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A beautifully written novel, expertly read by Eleanor Bron. It tells the story of 29 year old Lily Bart, a dazzling socialite in 1890's New York. The big problem for Lily is money, the fact that she has none and the life style she desires needs plenty.The novel follows her fall into poverty and the response of her friends and acquaintances. A fascinating look at late 19 Century American society
A delight to listen to.
7 of 7 people found this review helpful
The worst of this was that the 'blurb' on Audible gives away the plot- I knew how Lily ended up before Eleanor Bron even opened her mouth.
Apart from that it was absolutely superb- as one expects from this publisher.
6 of 6 people found this review helpful
I've listened to this book twice and will listen again after a while. I'd be happy to hear Eleanor Bron read the dictionary aloud: to hear her read Edith Wharton is pure bliss.
10 of 11 people found this review helpful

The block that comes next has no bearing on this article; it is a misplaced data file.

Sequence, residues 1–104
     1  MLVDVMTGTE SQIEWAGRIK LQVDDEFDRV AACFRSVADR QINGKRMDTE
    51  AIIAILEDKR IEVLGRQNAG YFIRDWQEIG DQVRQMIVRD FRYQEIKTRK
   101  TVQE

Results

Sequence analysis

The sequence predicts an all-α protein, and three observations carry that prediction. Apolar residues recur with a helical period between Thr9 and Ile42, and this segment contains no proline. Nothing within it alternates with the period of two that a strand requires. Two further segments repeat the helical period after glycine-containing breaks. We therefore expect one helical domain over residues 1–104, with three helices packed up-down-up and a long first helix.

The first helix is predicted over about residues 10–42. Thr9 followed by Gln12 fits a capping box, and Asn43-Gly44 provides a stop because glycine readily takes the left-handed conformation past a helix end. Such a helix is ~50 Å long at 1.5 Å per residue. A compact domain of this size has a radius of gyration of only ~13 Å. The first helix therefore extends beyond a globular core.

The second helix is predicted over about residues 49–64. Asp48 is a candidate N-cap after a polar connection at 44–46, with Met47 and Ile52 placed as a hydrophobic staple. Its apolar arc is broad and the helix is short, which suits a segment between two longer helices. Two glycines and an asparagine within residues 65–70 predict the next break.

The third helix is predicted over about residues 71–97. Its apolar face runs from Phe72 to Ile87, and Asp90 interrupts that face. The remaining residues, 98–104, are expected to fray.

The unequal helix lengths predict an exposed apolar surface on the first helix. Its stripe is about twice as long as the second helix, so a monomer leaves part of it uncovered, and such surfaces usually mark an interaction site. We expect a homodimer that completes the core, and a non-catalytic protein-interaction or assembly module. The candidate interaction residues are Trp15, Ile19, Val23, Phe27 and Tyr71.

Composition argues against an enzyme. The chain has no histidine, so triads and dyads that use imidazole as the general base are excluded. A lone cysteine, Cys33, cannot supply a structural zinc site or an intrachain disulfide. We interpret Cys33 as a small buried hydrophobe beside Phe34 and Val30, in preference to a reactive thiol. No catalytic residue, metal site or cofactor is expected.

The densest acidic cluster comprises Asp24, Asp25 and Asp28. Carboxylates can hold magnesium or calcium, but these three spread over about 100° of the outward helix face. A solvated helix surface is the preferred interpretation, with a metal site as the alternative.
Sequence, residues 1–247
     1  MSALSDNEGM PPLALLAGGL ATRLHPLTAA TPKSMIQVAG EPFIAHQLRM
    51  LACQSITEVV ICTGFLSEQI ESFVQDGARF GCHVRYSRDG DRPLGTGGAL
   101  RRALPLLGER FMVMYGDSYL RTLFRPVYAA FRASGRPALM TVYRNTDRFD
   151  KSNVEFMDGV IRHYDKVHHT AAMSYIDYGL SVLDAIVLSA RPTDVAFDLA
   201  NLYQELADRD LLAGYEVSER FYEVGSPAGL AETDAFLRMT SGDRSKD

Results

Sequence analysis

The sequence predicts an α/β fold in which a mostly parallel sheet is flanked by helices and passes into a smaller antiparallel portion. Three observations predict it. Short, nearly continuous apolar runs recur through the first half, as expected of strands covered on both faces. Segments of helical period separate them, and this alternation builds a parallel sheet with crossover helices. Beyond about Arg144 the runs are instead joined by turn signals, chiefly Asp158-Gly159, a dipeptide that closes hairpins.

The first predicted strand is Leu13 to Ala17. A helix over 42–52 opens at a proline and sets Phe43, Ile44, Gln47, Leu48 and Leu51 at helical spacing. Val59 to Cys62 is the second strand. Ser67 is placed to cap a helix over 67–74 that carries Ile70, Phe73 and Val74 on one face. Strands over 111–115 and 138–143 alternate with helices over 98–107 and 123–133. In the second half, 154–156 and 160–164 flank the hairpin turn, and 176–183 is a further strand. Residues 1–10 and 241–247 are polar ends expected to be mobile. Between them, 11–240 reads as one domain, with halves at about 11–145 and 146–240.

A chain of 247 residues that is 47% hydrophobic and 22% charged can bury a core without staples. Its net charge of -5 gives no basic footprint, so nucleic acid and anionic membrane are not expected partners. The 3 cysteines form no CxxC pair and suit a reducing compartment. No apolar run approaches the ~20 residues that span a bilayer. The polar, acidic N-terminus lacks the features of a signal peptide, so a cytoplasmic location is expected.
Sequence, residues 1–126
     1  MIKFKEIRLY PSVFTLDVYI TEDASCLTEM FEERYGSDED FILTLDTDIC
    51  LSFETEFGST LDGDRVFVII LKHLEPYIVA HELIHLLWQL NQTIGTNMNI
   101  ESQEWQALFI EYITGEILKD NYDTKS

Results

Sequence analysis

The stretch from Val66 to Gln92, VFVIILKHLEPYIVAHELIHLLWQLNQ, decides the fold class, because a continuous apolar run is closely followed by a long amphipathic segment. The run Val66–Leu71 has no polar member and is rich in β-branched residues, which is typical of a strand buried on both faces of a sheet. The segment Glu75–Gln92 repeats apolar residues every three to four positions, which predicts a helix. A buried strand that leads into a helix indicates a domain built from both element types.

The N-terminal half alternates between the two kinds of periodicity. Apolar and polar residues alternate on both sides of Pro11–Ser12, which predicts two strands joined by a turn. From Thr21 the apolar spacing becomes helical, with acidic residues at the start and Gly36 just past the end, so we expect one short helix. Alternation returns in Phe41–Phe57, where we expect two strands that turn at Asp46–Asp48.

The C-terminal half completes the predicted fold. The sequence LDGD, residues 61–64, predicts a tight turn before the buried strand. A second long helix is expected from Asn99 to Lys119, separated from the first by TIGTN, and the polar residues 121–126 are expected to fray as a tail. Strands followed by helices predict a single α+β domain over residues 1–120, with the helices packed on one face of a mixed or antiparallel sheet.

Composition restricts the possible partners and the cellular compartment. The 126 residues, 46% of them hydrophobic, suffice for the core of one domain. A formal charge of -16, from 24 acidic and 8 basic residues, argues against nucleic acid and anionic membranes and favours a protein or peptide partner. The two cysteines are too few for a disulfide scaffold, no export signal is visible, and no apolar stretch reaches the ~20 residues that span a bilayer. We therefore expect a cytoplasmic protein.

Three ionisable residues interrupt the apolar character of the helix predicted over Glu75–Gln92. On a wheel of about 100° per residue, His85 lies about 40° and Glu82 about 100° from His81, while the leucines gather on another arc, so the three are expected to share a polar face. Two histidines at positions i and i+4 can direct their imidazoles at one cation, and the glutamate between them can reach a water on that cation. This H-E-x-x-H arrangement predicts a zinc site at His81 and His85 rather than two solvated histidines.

The novel portrays the New York upper middle class society in the late 19th century. Wharton writes elegantly, and is an acute psychologist and observer of manners. She's also very witty at times--with what you might call a stiletto wit. The reading is excellent, with subtle difference of voice and accent nicely calibrated to the character speaking.
I thoroughly enjoyed listening to the book. But it made me wonder why writers like Wharton and Henry James devote themselves to writing about people who don't do anything--a class of idlers, in fact, who are terrified that they might have to work for a living. Perhaps they think that this idleness produces greater subjective sensitivity and depth. But I think their long descriptions and analyses of people's inner depths are rather more refined and sophisticated than is justified by reality. OccasionalIy found myself saying: Bring on a pirate! Let's have a murder! Or at least have someone kicked by a horse.
7 of 8 people found this review helpful